Filed under Roman history

The Importance of Archaeology

This is from an article in June’s Current Archaeology, by Sophie Jackson “Revisiting the Temple The Mithras project Back in 1954, Diana van Royen was one of the many thousands of people who queued to see the last weeks of the excavation of London’s Roman Temple of Mithras. This was one of the most extraordinary … Continue reading

Rome, Sink of Iniquity

This is from Christopher Hubert’s The Rise and Fall of the House of Medici: “There were reckoned to be almost 7,000 prostitutes in a population of less than 50,000, most of them working in brothels licenced by the papal authorities and many of them  suffering from syphilis, ‘a kind of illness very common among priests’, … Continue reading

Coal Money

Some more from Highways & Byways of Dorset: “From this curious place comes the “Kimmeridge coal money.” This misunderstood coinage consists of round plates of “jet” from 1.5 to 2 inches in diameter, which appear to have been treasured at one time as articles of value. These discs are neither money, nor are they of … Continue reading

Tearing Down the Sky

I saw this when it first came out back in 2006, but now that I have been reading up on the subject, I tried another viewing. It was a co-production between the BBC and HBO, with mostly British actors in the lead, and filmed at Rome’s cinecitta studios, with a host of local actors and … Continue reading

Caerwent Roman Town

This is an entire Roaman town with a modern town interwoven, so is incredible, yet ordinary at the same time, and the church is not only open to the public, but holds some impressive finds. This was a Roman street, with houses and  workshops: The remains of a villa showing the under floor heating spaces: … Continue reading

Caerleon

This is an amazing little town near Newport, a former Roman town. It houses a good museum with finds, the remains of a Roman leisure centre, an amphitheatre and barracks, all of which are free. The amphitheatre seated some 5,000 people, which is incredible as it is not that big, even with bleachers on top … Continue reading

Romans Changing Britain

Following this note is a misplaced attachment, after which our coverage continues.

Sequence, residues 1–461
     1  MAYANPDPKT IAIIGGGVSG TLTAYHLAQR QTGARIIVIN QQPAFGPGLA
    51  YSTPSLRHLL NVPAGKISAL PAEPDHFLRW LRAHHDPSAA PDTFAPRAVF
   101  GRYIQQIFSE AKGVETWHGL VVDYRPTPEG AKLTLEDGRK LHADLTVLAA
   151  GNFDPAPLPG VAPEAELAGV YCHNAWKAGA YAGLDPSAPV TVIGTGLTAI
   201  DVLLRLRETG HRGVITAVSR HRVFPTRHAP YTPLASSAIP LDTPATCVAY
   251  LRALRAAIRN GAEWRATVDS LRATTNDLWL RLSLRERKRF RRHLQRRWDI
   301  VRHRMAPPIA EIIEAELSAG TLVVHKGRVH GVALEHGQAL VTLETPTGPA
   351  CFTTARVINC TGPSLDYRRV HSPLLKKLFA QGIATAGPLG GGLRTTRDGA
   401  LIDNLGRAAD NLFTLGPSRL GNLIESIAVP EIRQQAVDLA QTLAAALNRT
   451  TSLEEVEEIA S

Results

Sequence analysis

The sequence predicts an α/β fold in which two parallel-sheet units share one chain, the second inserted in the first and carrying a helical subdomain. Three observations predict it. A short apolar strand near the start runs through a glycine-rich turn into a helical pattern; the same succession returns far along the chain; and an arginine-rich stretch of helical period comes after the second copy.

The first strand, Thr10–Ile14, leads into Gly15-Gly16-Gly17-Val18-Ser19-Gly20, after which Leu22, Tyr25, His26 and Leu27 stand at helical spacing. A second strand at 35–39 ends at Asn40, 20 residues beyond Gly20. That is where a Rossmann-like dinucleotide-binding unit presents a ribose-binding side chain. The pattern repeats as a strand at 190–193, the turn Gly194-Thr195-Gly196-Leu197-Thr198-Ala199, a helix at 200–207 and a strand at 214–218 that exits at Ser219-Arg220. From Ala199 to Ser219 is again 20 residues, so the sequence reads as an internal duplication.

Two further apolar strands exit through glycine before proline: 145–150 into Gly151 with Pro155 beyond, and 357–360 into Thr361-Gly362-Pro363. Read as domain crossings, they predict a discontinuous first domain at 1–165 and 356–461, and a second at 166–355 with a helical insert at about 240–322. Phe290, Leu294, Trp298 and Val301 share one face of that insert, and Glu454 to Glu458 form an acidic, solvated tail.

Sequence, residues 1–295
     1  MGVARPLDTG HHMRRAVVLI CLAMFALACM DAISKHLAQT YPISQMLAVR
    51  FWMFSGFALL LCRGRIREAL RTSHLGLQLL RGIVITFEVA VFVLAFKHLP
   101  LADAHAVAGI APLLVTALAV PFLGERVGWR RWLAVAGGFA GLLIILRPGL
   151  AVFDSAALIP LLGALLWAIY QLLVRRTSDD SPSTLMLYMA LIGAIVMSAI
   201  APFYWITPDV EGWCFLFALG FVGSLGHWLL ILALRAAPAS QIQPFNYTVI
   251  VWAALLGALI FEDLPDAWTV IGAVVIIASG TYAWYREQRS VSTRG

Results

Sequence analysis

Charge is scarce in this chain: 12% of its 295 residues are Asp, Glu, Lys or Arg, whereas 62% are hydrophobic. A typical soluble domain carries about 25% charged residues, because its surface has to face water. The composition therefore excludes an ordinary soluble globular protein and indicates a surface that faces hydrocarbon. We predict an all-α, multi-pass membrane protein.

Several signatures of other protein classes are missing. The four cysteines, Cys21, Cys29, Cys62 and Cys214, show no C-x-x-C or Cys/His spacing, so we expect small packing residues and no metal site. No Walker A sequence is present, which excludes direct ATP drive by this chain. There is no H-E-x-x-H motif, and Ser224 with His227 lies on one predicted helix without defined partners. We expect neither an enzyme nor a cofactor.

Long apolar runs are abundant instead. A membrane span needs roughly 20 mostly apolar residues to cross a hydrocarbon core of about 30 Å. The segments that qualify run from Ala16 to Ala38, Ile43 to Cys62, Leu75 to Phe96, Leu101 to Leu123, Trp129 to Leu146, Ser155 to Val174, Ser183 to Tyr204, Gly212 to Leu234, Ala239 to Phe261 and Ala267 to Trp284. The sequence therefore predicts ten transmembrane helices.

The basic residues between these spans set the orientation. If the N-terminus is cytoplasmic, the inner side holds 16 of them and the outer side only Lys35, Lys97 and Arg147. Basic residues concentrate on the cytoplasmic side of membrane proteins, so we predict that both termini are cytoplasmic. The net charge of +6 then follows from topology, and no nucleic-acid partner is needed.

From my previous post, it is clear that Romans changed little in the overall landscape of Britain, ie they did not do much deforestation. The Britons had already cleared much of the woodland, and developed a sophisticated agricultural system with different crops on a range of soils, and their methods were continuing to change and … Continue reading

Invisible Locals

The Map of Roman Britain produced by the Ordnance survey appears to show Britain at the time, but it really shows the Roman presence, omitting features of the local settlements. The British landscape a the time of the Romans is generally seen as structured around elite estates centred on Roman style farms, or villae which … Continue reading

British Deforestation

We tend to think that cutting down trees and destroying forests is a recent part of human history, so it is surprising how long it has been going on in these islands. The largest phase of clearing woodlands in the British Isles was in the late Bronze Age, some 3,000 years ago, and continued through … Continue reading

The Better Invaders

“We were your Romans, you know. We might have been your Normans” This is from Tom Stoppard’s Play, Indian Ink,  a comment from a former memsahib to an Indian. It is an intriguing idea, not least because  I wonder how many people would know what she was talking about. Britain has been invaded twice: by the … Continue reading